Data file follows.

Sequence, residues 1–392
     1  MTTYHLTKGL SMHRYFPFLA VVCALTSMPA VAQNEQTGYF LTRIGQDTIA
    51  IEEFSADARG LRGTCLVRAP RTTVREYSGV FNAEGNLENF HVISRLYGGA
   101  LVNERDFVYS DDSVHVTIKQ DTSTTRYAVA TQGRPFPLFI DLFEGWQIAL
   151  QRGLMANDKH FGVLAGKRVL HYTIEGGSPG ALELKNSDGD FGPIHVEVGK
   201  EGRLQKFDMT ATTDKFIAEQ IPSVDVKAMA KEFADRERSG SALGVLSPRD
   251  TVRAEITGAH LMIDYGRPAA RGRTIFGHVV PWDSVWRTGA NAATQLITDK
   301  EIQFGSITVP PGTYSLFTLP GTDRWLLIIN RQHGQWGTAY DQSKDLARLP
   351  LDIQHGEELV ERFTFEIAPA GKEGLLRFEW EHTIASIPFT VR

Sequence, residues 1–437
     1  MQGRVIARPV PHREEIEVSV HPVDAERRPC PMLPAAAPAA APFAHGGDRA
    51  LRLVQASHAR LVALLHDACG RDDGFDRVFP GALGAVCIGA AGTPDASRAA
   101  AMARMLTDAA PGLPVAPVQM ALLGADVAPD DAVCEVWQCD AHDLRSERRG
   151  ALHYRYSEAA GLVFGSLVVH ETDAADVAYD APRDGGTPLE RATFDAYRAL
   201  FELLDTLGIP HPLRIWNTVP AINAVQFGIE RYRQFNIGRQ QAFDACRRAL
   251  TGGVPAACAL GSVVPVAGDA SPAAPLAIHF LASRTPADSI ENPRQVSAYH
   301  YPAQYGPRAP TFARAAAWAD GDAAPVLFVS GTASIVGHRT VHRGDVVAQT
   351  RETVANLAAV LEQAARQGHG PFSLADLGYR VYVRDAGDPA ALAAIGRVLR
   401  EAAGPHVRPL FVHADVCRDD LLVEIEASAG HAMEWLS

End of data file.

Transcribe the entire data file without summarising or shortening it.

Sequence, residues 1–392
     1  MTTYHLTKGL SMHRYFPFLA VVCALTSMPA VAQNEQTGYF LTRIGQDTIA
    51  IEEFSADARG LRGTCLVRAP RTTVREYSGV FNAEGNLENF HVISRLYGGA
   101  LVNERDFVYS DDSVHVTIKQ DTSTTRYAVA TQGRPFPLFI DLFEGWQIAL
   151  QRGLMANDKH FGVLAGKRVL HYTIEGGSPG ALELKNSDGD FGPIHVEVGK
   201  EGRLQKFDMT ATTDKFIAEQ IPSVDVKAMA KEFADRERSG SALGVLSPRD
   251  TVRAEITGAH LMIDYGRPAA RGRTIFGHVV PWDSVWRTGA NAATQLITDK
   301  EIQFGSITVP PGTYSLFTLP GTDRWLLIIN RQHGQWGTAY DQSKDLARLP
   351  LDIQHGEELV ERFTFEIAPA GKEGLLRFEW EHTIASIPFT VR

Sequence, residues 1–437
     1  MQGRVIARPV PHREEIEVSV HPVDAERRPC PMLPAAAPAA APFAHGGDRA
    51  LRLVQASHAR LVALLHDACG RDDGFDRVFP GALGAVCIGA AGTPDASRAA
   101  AMARMLTDAA PGLPVAPVQM ALLGADVAPD DAVCEVWQCD AHDLRSERRG
   151  ALHYRYSEAA GLVFGSLVVH ETDAADVAYD APRDGGTPLE RATFDAYRAL
   201  FELLDTLGIP HPLRIWNTVP AINAVQFGIE RYRQFNIGRQ QAFDACRRAL
   251  TGGVPAACAL GSVVPVAGDA SPAAPLAIHF LASRTPADSI ENPRQVSAYH
   301  YPAQYGPRAP TFARAAAWAD GDAAPVLFVS GTASIVGHRT VHRGDVVAQT
   351  RETVANLAAV LEQAARQGHG PFSLADLGYR VYVRDAGDPA ALAAIGRVLR
   401  EAAGPHVRPL FVHADVCRDD LLVEIEASAG HAMEWLS